Canada Seeks Colombia Agreement, as U.S. Deal Stalls
By Theophilos Argitis and Alexandre Deslongchamps
6 May 2008
May 6 (Bloomberg) — Canada’s Trade Minister David Emerson said he may soon complete a free trade agreement with Colombia, rejecting a plan by U.S. congressional Democrats to wait until the Latin American nation improves its human rights record.
Emerson said in an interview he’s ``cautiously optimistic’’ an accord with Colombia can be reached by September. The two countries still need to resolve disagreements on agricultural products, which will require another round of negotiations, he said.
``Democracy is beginning to take root in a meaningful way,’’ Emerson, 62, said in a Bloomberg interview in Ottawa yesterday evening. ``We should give them a hand economically.’’
Prime Minister Stephen Harper has made strengthening ties with Latin America a priority in an effort to broaden markets for Canadian commodities and reduce dependence on a slowing U.S. economy. Harper says the trade accord also will help Colombia stem violence against labor leaders.
An agreement would give Canadian farmers preferential access to the U.S.’s third largest market for wheat exports in Latin America. It also underscores the risks of growing trade protectionism in the U.S. that includes labor union efforts to thwart a trade accord with South Korea, said Jeffrey Schott, an economist at the Peterson Institute for International Economics in Washington.
``Colombia is a forward attack to try to pre-empt other agreements from moving forward,’’ Schott said in a telephone interview. ``You stop Colombia and you stop Korea.’’
U.S. farmers are promising to use the Canadian agreement to ratchet up pressure on the Congress to pass a deal. The U.S. is Colombia’s largest trading partner, with $18 billion of trade between the two countries in 2007, according to the U.S. Census Bureau. Canada’s trade with Colombia amounted to about C$1 billion ($1 billion) last year, according to Statistics Canada.
The U.S. share of Colombia’s wheat imports has averaged 56 percent over the past decade, compared with 35 percent for Canada, according to data provided by U.S. Wheat Associates.
``We certainly are using that argument,’’ said Alan Tracy, president of the U.S. Wheat Associates, a marketing organization. ``For us to fail to ratify the U.S.-Colombia free trade agreement would distort trade, in this case in Canada’s favor.’’
A trade agreement with Canada would also be a political victory for Colombian President Alvaro Uribe, 55, who has been criticized for failing to stop killings of trade union organizers.
The U.S. political battle over the trade agreement pits the Bush administration against Democrats in Congress who, backed by unions and human-rights groups, say Washington’s staunchest ally in South America shouldn’t get the benefits of a trade agreement until it stamps out violence against labor organizers.
Both Democrat presidential candidates, Barack Obama and Hillary Clinton, are also opposed to the trade accord.
As of mid April, 17 union members had been killed in Colombia compared with 26 in all of last year, according to Colombian government figures. Such killings, which reached a peak of 196 in 2002, make Colombia the deadliest country in the world for union organizing, according to Human Rights Watch.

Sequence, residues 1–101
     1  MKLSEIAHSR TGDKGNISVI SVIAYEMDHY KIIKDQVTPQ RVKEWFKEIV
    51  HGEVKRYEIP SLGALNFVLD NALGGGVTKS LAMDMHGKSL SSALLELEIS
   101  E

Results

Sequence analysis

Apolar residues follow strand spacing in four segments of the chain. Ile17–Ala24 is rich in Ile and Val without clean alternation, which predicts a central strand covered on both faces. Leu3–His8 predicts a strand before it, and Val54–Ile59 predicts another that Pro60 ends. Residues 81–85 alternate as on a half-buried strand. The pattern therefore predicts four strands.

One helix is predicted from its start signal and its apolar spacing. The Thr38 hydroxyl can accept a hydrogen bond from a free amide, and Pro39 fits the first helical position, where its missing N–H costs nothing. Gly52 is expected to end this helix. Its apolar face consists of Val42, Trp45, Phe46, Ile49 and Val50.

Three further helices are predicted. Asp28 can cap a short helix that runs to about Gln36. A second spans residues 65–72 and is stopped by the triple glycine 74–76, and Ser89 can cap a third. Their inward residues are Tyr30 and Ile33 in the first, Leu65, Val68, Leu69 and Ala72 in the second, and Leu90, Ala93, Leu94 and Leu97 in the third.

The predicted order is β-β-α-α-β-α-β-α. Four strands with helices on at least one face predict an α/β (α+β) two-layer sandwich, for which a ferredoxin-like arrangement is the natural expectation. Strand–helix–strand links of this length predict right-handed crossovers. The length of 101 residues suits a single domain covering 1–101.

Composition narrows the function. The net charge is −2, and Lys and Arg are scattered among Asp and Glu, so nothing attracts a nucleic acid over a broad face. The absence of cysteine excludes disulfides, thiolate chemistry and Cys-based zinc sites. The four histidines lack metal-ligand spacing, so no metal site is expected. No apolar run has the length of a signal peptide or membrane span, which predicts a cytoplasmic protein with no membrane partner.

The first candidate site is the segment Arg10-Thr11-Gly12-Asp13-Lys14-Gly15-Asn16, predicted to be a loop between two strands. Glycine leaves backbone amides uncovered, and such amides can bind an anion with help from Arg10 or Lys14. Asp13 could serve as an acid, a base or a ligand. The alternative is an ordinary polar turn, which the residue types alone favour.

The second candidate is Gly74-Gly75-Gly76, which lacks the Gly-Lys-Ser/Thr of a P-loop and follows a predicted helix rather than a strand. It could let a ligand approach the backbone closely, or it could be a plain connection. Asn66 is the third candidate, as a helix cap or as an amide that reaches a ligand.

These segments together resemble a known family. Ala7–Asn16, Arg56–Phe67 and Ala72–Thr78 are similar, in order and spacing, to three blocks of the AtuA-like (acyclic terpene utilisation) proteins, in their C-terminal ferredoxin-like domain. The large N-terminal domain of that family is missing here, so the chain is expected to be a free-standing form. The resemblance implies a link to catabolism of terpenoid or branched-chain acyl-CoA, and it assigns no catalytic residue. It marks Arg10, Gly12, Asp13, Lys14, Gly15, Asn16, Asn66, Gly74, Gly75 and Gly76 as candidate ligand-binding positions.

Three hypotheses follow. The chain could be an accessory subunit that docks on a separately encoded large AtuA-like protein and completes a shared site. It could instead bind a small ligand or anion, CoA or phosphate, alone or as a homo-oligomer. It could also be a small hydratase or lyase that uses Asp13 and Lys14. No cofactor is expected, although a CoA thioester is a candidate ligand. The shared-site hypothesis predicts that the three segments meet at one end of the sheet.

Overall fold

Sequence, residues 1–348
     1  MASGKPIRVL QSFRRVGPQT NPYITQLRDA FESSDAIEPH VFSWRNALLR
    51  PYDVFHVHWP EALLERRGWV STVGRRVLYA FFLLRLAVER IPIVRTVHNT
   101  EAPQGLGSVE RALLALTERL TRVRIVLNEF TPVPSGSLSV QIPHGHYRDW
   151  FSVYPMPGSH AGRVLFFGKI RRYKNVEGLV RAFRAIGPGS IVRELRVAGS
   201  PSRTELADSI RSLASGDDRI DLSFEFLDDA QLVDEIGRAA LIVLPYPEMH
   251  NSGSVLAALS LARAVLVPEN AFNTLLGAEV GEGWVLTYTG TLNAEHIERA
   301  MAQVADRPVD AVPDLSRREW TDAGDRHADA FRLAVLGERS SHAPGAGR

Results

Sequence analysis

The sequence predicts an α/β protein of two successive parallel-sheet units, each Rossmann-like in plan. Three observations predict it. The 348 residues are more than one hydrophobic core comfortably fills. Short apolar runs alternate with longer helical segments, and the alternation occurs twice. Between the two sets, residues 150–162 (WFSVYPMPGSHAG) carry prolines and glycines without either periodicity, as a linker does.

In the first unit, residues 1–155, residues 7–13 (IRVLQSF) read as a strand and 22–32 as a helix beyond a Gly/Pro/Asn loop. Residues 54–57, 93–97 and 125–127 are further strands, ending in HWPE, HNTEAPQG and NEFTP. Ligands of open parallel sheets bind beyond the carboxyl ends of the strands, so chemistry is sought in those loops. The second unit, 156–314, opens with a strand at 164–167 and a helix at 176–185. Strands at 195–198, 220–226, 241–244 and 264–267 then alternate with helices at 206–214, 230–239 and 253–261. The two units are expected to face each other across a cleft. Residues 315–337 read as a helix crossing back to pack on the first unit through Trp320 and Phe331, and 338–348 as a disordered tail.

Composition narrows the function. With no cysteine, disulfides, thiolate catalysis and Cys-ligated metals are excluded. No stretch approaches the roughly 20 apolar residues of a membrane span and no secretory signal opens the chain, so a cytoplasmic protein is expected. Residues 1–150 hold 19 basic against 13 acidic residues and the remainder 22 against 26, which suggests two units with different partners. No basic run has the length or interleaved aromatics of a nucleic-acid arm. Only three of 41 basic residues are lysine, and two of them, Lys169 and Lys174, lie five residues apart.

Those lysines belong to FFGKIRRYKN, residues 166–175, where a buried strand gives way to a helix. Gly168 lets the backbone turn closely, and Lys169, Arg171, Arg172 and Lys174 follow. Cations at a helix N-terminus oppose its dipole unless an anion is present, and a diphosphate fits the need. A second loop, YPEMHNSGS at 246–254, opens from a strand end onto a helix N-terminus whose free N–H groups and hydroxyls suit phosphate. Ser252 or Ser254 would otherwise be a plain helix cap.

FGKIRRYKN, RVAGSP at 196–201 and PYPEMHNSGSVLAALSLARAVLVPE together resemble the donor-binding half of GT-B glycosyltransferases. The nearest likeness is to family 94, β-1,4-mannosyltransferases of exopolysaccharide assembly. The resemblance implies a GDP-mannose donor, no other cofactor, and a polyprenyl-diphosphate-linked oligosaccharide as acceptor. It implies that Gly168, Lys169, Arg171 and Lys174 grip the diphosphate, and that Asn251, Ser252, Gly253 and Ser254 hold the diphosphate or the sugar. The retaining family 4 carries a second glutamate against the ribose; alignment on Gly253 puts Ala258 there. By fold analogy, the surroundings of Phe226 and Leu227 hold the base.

The administration and businesses groups say the accord is needed to bolster a key ally in the region. Colombia, which is fighting a four-decade war against Marxist guerrillas and cooperating with the U.S. on drug eradication, is also an ally against a belligerent neighbor in Venezuelan President Hugo Chavez.
`Aid and Comfort’
An accord would also keep countries like Canada and the European Union from edging out U.S. companies, Wally Herger, the top Republican on the trade subcommittee, said today. ``If we don’t get there first, it will be very difficult to catch up,’’ Herger told trade lobbyists today. ``The Colombian agreement is too important to be left by the wayside.’’
A Canadian trade deal may help remove some of the stigma of dealing with the Latin American country, said John Kirton, a political scientist at the University of Toronto.
An agreement ``will give aid and comfort to all the liberalizing forces within the United States who are instantly going to notice it and say if the Canadians are doing Colombia, why can’t we,’’ Kirton said.
Harper faces less resistance in Canada than Bush does in the U.S. Congress. The opposition Liberals have indicated they’re prepared to back a trade agreement with Colombia that includes labor and environmental protection provisions, providing Harper’s minority Conservative government with enough support to pass the agreement in Parliament.
``If issues of human rights and the environment are addressed in a meaningful way, that obviously puts us in a favorable position,’’ said Navdeep Bains, the Liberal legislator responsible for international trade.
An accord would largely favor Canada. Already, about 80 percent of Colombian exports to Canada are duty-free, according to figures provided by the trade department. Colombia imports wheat and other cereals, newsprint, off-road dump trucks and machinery and electrical equipment from Canada and exports coal, coffee, banana, cut flowers and sugars. Canadians invested C$453 million in the country in 2006.